Cream the butter and sugar: Place the butter, salt, and baking powder in the bowl of a stand mixer fitted with the paddle attachment. Beat on medium until smooth, about 2 minutes. Scrape down the paddle and sides of the bowl. Turn the mixer back to medium and add the sugar in a gradual stream. Once all the sugar has been added, continue mixing on medium until pale and very fluffy, about 5-6 minutes. Scrape down the paddle and sides of the bowl 2-3 times during this creaming process to ensure even mixing. Add the oil and mix well to combine.
Add the eggs: With the mixer on medium, slowly stream in the egg mixture about a tablespoon at a time, letting each addition fully incorporate before adding more. Take your time — adding too much liquid at once can cause the mixture to curdle and affect the final texture of the cake. Scrape down the paddle and sides of the bowl 2-3 times during this process. Once all the eggs have been added, continue mixing for about 30 seconds to make sure the batter is well combined.
Alternate the flour and liquid: Turn the mixer down to low. Add the flour and sour cream-milk mixture in five additions, beginning and ending with the flour. Use a flexible spatula to fold from the bottom of the bowl a few times to make sure the batter is well-mixed and no pockets of flour remain.
Bake the cake: Scrape the batter into the prepared pan. Run a chopstick or skewer through the batter to pop any large air pockets, then use an offset spatula to smooth the top. (Note: If desired, rub a butter knife with a little softened butter and slice down the center of the cake — this encourages the cake to split in the middle. Totally optional.) Bake until golden brown and a toothpick inserted into the middle of the cake comes out clean, about 65-85 minutes. (This is a fairly tall and rich cake; err on the side of a few extra minutes in the oven to make sure it’s fully baked through. The pullman pan will take a little longer than a 9×5 pan.)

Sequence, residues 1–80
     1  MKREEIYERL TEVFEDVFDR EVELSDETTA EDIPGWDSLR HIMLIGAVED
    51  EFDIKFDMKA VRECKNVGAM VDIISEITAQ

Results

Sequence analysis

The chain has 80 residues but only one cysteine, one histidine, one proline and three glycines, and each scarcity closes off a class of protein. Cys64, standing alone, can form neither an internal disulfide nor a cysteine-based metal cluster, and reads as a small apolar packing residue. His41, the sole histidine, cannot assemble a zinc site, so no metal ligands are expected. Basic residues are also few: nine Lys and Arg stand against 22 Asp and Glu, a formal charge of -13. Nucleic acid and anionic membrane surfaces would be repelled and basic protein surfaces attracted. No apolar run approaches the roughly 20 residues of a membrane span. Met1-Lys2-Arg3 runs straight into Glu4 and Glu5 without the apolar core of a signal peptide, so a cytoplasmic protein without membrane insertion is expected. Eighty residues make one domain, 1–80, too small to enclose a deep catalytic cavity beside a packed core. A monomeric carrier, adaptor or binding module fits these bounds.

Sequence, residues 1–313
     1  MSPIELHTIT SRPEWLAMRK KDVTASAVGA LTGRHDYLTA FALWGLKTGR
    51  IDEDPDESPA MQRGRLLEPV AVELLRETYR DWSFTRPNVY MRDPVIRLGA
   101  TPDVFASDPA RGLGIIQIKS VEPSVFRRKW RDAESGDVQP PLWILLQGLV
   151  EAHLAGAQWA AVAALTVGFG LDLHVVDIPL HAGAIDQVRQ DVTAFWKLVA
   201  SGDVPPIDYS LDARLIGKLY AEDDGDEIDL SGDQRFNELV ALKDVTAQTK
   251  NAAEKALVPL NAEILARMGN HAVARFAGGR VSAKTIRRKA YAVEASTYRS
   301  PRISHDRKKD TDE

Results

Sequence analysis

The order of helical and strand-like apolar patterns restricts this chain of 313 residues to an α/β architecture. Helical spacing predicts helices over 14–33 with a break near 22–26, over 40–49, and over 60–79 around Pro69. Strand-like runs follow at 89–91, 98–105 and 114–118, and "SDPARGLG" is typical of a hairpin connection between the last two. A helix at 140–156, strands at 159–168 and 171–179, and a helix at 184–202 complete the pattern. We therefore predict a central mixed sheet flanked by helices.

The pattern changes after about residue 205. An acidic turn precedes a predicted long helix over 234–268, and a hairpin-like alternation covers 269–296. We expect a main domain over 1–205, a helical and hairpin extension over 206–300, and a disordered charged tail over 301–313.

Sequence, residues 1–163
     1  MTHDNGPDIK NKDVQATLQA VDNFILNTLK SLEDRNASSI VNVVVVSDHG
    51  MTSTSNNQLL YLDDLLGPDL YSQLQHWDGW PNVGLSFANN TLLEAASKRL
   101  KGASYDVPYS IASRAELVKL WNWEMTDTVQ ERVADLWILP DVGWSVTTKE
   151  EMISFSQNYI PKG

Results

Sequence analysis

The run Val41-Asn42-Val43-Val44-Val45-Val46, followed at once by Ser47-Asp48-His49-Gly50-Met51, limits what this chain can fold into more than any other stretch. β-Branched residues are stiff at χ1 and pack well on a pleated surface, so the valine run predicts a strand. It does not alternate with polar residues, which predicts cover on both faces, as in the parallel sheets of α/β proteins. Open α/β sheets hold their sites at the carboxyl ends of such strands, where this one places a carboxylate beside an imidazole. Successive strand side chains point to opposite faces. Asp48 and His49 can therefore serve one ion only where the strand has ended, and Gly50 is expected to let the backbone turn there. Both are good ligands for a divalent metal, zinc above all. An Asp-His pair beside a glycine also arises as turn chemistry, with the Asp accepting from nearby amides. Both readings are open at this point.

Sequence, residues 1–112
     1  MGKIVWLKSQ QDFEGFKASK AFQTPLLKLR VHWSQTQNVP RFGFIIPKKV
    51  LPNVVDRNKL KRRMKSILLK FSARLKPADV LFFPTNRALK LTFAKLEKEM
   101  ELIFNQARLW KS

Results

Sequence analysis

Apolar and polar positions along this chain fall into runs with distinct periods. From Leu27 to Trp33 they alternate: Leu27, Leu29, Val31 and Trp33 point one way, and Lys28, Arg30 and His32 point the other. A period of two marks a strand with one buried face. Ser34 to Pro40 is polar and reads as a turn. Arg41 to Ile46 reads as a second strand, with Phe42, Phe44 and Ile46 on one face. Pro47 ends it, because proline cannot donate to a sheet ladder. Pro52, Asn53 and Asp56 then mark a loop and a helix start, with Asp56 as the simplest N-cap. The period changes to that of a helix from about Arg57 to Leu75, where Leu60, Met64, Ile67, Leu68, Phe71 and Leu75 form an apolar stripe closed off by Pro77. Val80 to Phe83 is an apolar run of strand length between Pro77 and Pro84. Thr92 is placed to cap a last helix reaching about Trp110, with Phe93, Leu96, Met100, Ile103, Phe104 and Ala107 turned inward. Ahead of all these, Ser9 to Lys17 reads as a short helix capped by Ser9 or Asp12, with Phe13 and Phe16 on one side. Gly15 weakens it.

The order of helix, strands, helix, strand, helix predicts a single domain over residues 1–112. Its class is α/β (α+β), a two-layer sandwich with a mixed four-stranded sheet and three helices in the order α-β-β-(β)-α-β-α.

Cool the cake: Cool the cake for 15 minutes in the pan, then run a thin knife around the edges and turn onto a wire rack. Wrap in plastic and allow to cool completely, at least 3 hours or overnight.
Glaze (optional) and serve: If glazing, unwrap cooled cake and place on a serving platter. Whisk together the icing sugar, salt, and hibiscus powder (if using) in a small bowl. Drizzle in liquid of choice a couple teaspoons at a time, whisking well after each addition, until you reach the desired consistency. Pour or drizzle over cake. Allow glaze to set for 10 minutes before slicing and serving. Store leftovers in an airtight container at room temperature for up to 5 days.
Last week we celebrated Isabelle’s first birthday. As I’ve looked back on the photos and videos from this past year and cheered her on as she’s started taking her first steps, I realize — despite the seeming never-endingness that is 2020 — time marches on.
Naturally, there was cake. We’re still sticking to very small gatherings here, so I made a petite birthday cake and a very petite one for Isabelle to “smash.” (Though let’s be honest — this is our third kid and this was hardly her first taste of cake!) It was the perfect size.
Buttermilk Ermine Frosting